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Adventures in Online Dating & Attractiveness Rank

Well my loves, it’s been an eventful weekend.

On Friday night fueled by copious glasses of wine and peer pressure I signed up to a dating website. I am now the proud owner of a profile on the Guardian’s ‘soulmates’ site.

It. Is. Scary.

I feel hideously inept – like a new kid, at a new school, standing in the playground staring intently at my shoes.

Gradually, I will get my head round it. Like any community, online or otherwise there seem to be norms to which you need to conform to.

Basically, it goes like this:

  1. Set up profile.
  2. Part with hard earned cash.
  3. Look at boys profiles.
  4. Giggle (at lot).

At some point, you find someone who you think might be good for you, at this point you have a few choices:

a) You can ‘favourite’ them. If you favourite someone, I guess it means you kinda like them. You’re registering your interest in them, but without contacting them directly. However, they will know that you have favourited them.

With me so far? Okey dokey then.

b) You can also elect to send them a message. Here’s where it gets kinda tricky – how on earth can you possibly communicate what an amazingly interesting, witty, gorgeous individual you are?

Well, if you’re me, you tell an extreme sports enthusiast about the abseiling incident you had, when aged 12 you let out too much rope and wound up lying the wrong way up against the surface you were supposed to abseiling down.

Or you tell a guy who likes his tea strong, that you’re not sure why you’re emailing him when you’re essentially incompatible because you like your tea milky.

Surprisingly neither have yet responded to me… 

The good news is, that some other guys have registered their interest in me (who said romance was dead?). Unhappily – 3 out of the 4 who’ve either messaged or favourited me are – how can I put this? Not quite my cup of tea. 

I’ve decided I need to be a bit more scientific when evaluating potential profiles, so I have created ‘attractiveness rank’ (I might even trademark it).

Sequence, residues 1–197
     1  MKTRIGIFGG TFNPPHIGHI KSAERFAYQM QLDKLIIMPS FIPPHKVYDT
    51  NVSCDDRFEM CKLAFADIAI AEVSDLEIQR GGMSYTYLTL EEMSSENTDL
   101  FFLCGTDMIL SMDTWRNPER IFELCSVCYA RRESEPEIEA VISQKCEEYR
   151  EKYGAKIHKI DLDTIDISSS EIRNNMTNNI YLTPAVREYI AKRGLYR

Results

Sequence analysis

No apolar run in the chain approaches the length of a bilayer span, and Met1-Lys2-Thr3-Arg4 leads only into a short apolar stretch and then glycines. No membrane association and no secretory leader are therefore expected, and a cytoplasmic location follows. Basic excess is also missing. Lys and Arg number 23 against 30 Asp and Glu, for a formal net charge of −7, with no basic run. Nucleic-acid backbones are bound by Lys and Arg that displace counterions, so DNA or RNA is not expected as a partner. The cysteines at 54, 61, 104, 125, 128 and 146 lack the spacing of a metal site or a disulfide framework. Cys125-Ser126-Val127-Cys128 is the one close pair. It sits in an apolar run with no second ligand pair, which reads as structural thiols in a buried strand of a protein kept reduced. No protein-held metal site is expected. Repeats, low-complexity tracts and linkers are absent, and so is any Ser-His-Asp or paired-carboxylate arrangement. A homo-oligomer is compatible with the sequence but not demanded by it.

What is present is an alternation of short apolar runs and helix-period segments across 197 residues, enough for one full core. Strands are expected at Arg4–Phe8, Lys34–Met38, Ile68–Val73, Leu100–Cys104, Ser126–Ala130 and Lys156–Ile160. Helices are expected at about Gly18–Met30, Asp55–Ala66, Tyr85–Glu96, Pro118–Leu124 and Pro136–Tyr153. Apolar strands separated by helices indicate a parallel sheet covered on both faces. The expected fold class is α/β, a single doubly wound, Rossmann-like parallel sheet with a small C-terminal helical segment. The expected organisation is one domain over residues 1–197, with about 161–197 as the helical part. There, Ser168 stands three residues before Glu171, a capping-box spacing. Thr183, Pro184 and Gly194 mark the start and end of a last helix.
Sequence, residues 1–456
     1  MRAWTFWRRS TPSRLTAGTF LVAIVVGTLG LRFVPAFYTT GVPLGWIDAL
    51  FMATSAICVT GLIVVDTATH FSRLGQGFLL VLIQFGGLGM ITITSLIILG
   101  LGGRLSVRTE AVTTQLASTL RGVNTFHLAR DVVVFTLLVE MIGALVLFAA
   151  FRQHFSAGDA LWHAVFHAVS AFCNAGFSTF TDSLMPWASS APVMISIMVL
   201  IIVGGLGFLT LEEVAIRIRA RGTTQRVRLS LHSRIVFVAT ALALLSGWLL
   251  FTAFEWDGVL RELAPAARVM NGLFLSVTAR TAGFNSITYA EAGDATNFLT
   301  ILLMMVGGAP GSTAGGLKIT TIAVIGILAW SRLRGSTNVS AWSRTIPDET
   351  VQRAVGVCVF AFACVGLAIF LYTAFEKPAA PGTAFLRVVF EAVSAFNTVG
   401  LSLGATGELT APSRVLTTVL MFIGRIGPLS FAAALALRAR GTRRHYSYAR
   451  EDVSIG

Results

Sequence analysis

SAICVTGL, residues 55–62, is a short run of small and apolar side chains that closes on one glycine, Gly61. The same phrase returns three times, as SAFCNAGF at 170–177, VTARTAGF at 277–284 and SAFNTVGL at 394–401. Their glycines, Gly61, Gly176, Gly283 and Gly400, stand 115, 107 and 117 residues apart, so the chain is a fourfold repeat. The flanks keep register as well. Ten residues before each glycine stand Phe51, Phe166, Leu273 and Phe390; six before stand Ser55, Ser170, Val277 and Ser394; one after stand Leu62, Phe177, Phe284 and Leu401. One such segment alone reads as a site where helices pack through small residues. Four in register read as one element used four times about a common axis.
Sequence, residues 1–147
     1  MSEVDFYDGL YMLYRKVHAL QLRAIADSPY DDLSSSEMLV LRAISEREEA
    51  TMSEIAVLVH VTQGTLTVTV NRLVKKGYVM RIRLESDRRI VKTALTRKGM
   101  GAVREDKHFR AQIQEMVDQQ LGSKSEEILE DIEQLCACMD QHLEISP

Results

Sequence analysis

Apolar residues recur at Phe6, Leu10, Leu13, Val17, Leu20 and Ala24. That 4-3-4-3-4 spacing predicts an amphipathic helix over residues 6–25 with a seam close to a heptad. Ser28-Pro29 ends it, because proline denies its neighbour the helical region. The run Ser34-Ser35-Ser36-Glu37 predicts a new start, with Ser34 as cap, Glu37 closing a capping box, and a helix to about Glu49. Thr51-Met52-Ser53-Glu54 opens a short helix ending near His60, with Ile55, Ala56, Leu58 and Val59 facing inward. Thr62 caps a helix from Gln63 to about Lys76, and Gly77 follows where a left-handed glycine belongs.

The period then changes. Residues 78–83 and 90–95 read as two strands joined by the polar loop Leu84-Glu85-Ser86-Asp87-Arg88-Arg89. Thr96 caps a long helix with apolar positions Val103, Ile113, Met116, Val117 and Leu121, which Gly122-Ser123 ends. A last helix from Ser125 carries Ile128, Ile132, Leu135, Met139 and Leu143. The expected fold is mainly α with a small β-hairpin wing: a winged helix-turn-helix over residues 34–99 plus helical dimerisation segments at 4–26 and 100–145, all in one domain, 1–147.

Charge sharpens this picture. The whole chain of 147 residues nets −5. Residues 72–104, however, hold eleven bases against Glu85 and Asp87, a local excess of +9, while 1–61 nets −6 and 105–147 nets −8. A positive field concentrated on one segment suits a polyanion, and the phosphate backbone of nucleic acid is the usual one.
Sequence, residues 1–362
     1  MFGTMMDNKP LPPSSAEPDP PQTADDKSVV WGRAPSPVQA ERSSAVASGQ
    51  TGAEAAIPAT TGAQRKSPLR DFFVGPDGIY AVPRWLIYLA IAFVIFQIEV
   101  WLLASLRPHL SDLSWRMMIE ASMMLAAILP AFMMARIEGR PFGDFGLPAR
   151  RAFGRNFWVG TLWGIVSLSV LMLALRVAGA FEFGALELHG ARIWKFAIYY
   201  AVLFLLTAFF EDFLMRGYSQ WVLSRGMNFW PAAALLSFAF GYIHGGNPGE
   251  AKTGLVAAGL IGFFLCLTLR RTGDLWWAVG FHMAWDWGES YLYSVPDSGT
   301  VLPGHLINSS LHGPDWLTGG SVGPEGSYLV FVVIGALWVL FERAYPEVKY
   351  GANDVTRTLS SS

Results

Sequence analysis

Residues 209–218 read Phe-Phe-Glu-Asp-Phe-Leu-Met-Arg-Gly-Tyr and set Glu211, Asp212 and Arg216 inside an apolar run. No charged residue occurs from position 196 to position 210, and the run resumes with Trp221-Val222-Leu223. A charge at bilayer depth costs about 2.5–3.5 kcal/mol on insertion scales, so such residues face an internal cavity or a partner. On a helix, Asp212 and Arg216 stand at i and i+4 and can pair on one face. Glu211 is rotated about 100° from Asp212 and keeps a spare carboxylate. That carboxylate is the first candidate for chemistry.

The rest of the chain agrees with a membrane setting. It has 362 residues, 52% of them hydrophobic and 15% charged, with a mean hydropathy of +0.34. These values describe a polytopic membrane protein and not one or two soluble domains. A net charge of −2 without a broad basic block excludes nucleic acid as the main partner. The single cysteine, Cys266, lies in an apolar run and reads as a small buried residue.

Now attractiveness rank is a complex algorithm. Here’s how it works – 50% of the rank is based on looks (sorry, it’s harsh, but true). The remaining 50% is based on how witty I think the profile is.

There are also wild cards – e.g –

  1. Anyone who quotes the Goonies gets a bonus point because I love the Goonies. 
  2. People who like extreme sports get docked 1 point because extreme sports frighten me.
  3. People who look similar to ex-boyfriends get automatically discounted because I think it would be weird to go out with someone who reminded me of an ex.
  4. People who are too good looking get discounted because they won’t fancy me and I hate rejection (I had a terrible time getting over Brad Pitt’s rejection – I just can’t go through it again).
  5. People who mention that they’re rich get discounted because I think talking about money is vulgar.

So my loves – clearly the algorithm is in it’s infancy – feel free to suggest further enhancements.

Oh & it’s my birthday tomorrow, all gifts gratefully received 😉


  1. Rory says:

    In the Venn Diagram of people who quote The Goonies, and people who are too good looking, is there actually an intersection? Perhaps (and this is only a suggestion) you need more clauses which aren’t definitively mutually exclusive. Or you could take up polo. People who play polo all think they’re poor. I’m not sure what the Argentinian version of The Goonies was called though; “Los Gunes” perhaps?

  2. Hannah says:

    Ok, you’ve totally confused me. Are you saying that only ugly people like the Goonies?

    I don’t know much about polo – but is being Argentinian a prerequisite?

    Dating is much tougher than it used to be…

  3. Rory says:

    Let me clarify

    Fantastically attractive people may well like The Goonies, but would they risk giving that dirty little secret away by actually quoting it? I think not…..

    Admittedly the polo thing is a tad more obscure; when poor Argentinian Gaucho families can no longer afford to support their offspring, the youngest are sent to England to play polo. It’s heartrending. It doesn’t actually help you much to be honest, it’s just been bugging me.

  4. Will says:

    An extra wild card:

    6. Someone that can’t spell to save there life …. or that gets mixed up between there / their / they’re. Discounted altogether!

    (p.s. I’ve done it on purpose before you take the Miguel)

  5. Jules says:

    Doris, you’ve missed the mosty important factor in your algorithm – profile names.

    Anyone who calls himself Don Juan DeMorden or LadeeezMan ought to not only be avoided at all costs, but quite possibly tracked down via FB and exterminated…

    Oh, and the all-time, must-be-avoided-at-all-costs factor with profile names – anyone who uses the suffix 69.

    As in Jamie69. Ok, so here’s the thing Jamie (can I call you Jim Bob only it seems more apt), unless you have in the last 4 months or will in the next 8 months be turning 40, you’re a c*ck. There now, how’s that for a little bit of innuendo Jim Bob? 😉

    Just don’t do it Hannah!

  6. Hannah says:

    @Rory – Fella – we’re gonna have to agree to disagree – for me, liking the Goonies is something to be proud of – Goonies never say die!

    @Will – Yep totally with you – bad spelling or bad grammar = elimination… and I love the clip from the office.

    @Jules – yep profile names are v important – I believe we discounted several last night on that basis alone 😉

  7. Brittany says:

    My husband and I met online nearly 6 years ago- it was a scary experience that turned out brilliant! Though I think I was just stupidly lucky to have found him…

  8. Hannah says:

    Hey Brittany,

    Wow – I didn’t realise you two met online – well I think he was stupidly lucky to find you love x

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